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Sleep patterns naturally change as you get older. Compared
to younger people, older adults:
It's common for older adults to sleep less deeply and for less
time than they did earlier in life. But these normal changes in the sleep
patterns of older adults do not mean that the sleep they get is enough.
Routine poor-quality sleep
caused by health problems, medicine use, and stress from major life changes can
lead to chronic sleep problems at any age. This may increase the risk of
serious health problems, such as
depression. But few older adults get, or try to get,
treatment for sleep problems. If you are an older adult and have trouble
sleeping, talk to your doctor about what you can do to improve your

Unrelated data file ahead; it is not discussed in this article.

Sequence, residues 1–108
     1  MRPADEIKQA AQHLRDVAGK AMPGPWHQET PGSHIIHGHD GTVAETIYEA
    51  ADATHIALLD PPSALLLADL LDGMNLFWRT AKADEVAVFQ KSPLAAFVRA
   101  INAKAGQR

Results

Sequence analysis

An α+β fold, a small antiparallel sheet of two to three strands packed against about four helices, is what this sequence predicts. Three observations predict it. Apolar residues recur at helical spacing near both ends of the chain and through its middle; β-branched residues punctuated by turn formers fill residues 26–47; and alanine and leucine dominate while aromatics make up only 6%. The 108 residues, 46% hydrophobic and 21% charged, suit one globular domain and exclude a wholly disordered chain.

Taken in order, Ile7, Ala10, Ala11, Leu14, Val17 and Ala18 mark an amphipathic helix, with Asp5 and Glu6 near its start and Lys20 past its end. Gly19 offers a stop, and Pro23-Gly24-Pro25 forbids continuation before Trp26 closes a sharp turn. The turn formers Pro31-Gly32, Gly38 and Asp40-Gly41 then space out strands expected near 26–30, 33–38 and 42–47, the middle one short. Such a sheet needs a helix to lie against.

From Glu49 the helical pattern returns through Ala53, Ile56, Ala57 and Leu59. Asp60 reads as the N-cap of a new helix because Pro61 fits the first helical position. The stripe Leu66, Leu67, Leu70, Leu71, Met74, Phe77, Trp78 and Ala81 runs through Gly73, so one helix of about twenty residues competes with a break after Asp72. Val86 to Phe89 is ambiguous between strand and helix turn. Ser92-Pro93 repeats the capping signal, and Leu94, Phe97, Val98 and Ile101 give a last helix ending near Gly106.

Here are some things you can try:
If you care for an older adult who isn't sleeping well, you
might encourage him or her to try the above tips for improving sleep.
taking sleep medicines only now and then or only for a short time. They are not
the first choice for treating chronic insomnia. This advice about medicines
applies to everyone, but especially to older adults. Anyone can become dependent on sleep medicines, and these medicines can affect how
well older people think during and after long-term use.footnote 1
Martin JL, et al. (2007). Sleep disorders. In RJ Ham et al., eds., Primary Care Geriatrics: A Case-Based Approach, 5th ed., pp. 391–400. St. Louis: Mosby Elsevier.
ByHealthwise StaffPrimary Medical ReviewerKathleen Romito, MD - Family MedicineSpecialist Medical ReviewerLisa S. Weinstock, MD - Psychiatry
Current as ofNovember 14, 2014
Current as of:
November 14, 2014
Kathleen Romito, MD - Family Medicine & Lisa S. Weinstock, MD - Psychiatry
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